Remembering Frank Wells

Frank Wells, 1932-1994

On this day in 1994, Disney lost a true legend. Frank Wells, former President and COO of the Walt Disney Company, was tragically killed in a helicopter accident in Nevada at the young age of 62.

When “The Lion King” opened in theaters many saw a dedication in the credits that read: “In Remembrance Of Frank Wells – President of the Walt Disney Company 1984-1994.” I remember seeing those words, and knowing of the man, but not knowing the impact Mr. Wells truly had on the company.

Wells was one of the driving forces in the turn around of the Disney Company in the 1980s. According to his Disney Legends profile:

“During his 10-year-tenure, Disney enjoyed unprecedented growth and revitalization with annual revenues up from $1.5 billion to $8.5 billion. Disney stocks increased a whopping 1,500 percent, while its theme parks and resorts revenues tripled. Disney Consumer Products revenues rose 13-fold, while its filmed entertainment revenues jumped 15-fold. Frank helped make Disney one of the most successful film studios in the world.”

I would personally argue that the Eisner era enjoyed its greatest successes while Wells was in tenure for the company. He seemed to be the “Roy” to Michael’s “Walt.” For more on what Frank meant to the company, I highly recommend the fantastic documentary “Waking Sleeping Beauty.”

Frank Wells was also quite an adventurer. In 1983, he set out to climb the highest mountain on each of the world’s seven continents within a single year – a feat never before accomplished at that time. He scaled six, but was forced to turn back near the top of Mount Everest. His mountaineering exploits were chronicled in his book,”Seven Summits,” co-authored by Dick Bass and Rick Ridgeway and published in 1986. His love of mountain climbing was paid tribute in the Matterhorn at Disneyland.

The “Lost” Expedition

I still salute – rather quickly – every time my bobsled passes by. Thank you, Frank. Your contributions to Disney helped to rejuvenate the company and bring magic to a new generation of fans.

The Sherman Brothers: A Personal Tribute

(Note: Volumes have been spoken and written about the Sherman Brothers, both before and after the passing of Robert Sherman. This is my personal tribute to both brothers and the profound impact they had on my life. For a more comprehensive history, I highly recommend the movie “The Boys: The Sherman Brothers Story,” directed by (their sons) Jeff and Greg Sherman.)

When I was 16, I went on a choir trip to Disneyland. Before leaving, with a few extra dollars in hand, I made a decision to buy something that would affect me profoundly.

Now, obviously, I knew the music well, so it wasn’t the score that had such a profound effect on me. The last tracks of the CD contained an interview with Richard and Robert Sherman. As they reminisced about the making of the movie and the songs they wrote, Richard would occasionally play at the piano and they would both sing bits from the movie. The first time they started singing their songs, the world of the songwriter really opened up to me.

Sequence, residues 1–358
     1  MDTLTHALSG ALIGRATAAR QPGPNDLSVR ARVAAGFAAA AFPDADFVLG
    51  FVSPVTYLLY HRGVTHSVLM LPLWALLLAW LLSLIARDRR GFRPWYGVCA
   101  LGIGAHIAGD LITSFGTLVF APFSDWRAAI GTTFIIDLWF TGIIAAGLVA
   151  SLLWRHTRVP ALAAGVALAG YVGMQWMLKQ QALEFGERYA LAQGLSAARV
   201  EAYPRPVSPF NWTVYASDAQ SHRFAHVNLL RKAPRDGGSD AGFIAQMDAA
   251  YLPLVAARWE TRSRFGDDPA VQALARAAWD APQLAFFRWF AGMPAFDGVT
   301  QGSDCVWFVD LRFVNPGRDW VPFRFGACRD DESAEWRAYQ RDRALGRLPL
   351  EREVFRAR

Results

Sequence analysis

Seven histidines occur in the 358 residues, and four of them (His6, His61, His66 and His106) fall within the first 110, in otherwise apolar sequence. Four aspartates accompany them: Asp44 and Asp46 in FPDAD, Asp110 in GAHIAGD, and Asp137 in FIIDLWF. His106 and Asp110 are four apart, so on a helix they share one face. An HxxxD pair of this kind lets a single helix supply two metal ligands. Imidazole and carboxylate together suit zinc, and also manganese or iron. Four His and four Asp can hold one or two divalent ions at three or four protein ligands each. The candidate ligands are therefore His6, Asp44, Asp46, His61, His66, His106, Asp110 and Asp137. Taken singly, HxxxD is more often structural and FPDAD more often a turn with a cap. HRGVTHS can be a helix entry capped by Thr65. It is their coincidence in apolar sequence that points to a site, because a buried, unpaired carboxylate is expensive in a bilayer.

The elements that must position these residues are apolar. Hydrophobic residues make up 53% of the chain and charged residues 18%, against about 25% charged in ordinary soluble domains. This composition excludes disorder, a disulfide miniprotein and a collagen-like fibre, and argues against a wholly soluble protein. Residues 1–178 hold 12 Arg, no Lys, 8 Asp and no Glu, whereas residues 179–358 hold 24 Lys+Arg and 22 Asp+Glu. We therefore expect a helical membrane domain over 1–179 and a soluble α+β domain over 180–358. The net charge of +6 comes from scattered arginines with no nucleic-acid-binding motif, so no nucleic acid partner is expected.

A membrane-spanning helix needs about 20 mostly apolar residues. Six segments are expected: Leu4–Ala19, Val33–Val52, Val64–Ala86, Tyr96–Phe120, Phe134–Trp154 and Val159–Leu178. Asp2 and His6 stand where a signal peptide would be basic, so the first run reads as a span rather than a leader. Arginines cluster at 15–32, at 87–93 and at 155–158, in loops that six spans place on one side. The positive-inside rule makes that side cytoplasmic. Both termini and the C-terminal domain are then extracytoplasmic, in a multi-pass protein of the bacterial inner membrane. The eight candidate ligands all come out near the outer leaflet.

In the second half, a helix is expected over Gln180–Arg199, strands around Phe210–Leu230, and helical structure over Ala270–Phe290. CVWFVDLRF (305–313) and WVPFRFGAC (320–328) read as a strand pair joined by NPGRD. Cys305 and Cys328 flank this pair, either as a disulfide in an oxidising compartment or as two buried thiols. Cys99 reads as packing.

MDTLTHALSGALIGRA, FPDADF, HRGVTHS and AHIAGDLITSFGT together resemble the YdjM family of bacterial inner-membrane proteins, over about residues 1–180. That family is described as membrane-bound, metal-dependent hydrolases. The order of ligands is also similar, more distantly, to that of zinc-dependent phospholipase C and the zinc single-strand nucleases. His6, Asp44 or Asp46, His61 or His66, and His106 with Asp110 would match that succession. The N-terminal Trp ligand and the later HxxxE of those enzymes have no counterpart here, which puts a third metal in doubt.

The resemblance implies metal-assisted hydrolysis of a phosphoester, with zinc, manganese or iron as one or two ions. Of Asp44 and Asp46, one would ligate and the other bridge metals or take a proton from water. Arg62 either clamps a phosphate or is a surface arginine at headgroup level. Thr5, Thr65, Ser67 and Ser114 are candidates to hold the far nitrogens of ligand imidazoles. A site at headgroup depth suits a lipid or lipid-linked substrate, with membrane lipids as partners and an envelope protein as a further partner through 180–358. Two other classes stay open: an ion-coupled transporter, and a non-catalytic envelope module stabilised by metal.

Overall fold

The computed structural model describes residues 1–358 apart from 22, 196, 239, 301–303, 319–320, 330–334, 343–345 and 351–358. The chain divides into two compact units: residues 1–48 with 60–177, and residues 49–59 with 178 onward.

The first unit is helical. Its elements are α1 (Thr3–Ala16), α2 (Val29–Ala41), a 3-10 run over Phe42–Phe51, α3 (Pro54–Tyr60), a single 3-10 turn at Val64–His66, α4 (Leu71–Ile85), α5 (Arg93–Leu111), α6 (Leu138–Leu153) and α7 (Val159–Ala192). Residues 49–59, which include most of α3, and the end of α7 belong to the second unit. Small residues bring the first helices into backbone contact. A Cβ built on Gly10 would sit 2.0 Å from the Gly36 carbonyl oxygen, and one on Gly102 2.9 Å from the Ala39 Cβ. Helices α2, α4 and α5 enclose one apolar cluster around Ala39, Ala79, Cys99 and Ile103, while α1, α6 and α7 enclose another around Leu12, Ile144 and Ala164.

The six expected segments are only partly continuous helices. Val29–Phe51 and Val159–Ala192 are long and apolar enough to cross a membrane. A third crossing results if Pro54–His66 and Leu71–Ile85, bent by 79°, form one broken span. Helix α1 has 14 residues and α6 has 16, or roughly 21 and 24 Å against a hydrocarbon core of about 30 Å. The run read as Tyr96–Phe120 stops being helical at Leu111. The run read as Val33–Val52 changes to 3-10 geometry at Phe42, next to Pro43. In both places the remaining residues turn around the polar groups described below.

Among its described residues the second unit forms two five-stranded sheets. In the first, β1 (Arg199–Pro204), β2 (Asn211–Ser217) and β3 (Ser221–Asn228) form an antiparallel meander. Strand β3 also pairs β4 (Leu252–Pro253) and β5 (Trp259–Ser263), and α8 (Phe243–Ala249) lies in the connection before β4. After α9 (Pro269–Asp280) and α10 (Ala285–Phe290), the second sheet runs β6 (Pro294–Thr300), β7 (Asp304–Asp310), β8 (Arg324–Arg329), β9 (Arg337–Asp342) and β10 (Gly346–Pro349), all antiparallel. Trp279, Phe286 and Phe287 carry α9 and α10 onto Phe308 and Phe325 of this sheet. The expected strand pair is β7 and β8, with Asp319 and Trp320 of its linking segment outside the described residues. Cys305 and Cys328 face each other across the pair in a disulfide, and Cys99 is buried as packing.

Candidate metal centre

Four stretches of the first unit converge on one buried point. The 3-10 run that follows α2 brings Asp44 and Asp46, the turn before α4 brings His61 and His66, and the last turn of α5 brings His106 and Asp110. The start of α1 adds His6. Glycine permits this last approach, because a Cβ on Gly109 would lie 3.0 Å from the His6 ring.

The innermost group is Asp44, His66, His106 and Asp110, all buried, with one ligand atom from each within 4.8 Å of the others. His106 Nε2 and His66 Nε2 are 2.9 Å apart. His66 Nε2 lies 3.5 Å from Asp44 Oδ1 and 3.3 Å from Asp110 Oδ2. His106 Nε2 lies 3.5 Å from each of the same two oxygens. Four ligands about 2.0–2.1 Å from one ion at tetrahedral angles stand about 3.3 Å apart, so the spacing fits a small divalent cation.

And I fell in love with the music of The Sherman Brothers.

The interview can be heard here:

Continued here:

Although I had grown up with Disney music since childhood and was aware of their songs, there was something that really clicked.  I found myself paying more and more attention to lyrics of songs, how well they worked within the films. It helped spur my appreciation for the newer works of Menken and Ashman, as well as classic tunes by the likes of Frank Churchill and George Bruns.

In a sense, I suppose you could say my love of Disney music can be attributed to (blamed on?) the Sherman Brothers.

Fast forward to the present. On the morning of March 6th, in the midst of a trip to Disneyland, I woke up to read the news: Robert Sherman had passed away at the age of 86.

Eighty-Six years is an extraordinary life – so many are given so much less – and longetivity and a full life are things to be celebrated. Yet, there was a profound sadness in Robert’s passing. And there was a definite air of bittersweet-ness in the fact that I was at Disneyland when I heard the news of his passing. It allowed my family to pay their respects while riding It’s A Small World. I rode through The Many Adventures of Winnie the Pooh saluting nothing in general as the music played. I did the silent nod toward the Tiki Room out of respects.

But perhaps the biggest moment came for me from the following story: My four year old daughter had been insistent that we go to Build-a-Bear in Downtown Disney that day; not so she could stuff an animal, but so I could. I told her I didn’t need one. I tried to convince her. Honestly, I didn’t want to spend the money on another plush animal. However, she was adamant, on the verge of tears, telling me that she knew I NEEDED a stuffed friend. Begging that I do it for me, not for her. Then inspiration struck. I agreed to stuff an animal for me, on the terms that I got to pick it out as well as name it. So with her help, I picked it out, stuffed it and named it.

That evening, Sherman the Dog got to pay his own respects in front of the Sherman Brothers’ window on Main Street, USA.

Thank you, Dick and Bob Sherman. Thank you for the music. Thank you for the interview that inspired at least one young Disney fan (and I’m sure there are countless more). Your relationship may not have been the greatest, but in your works…. it was magical.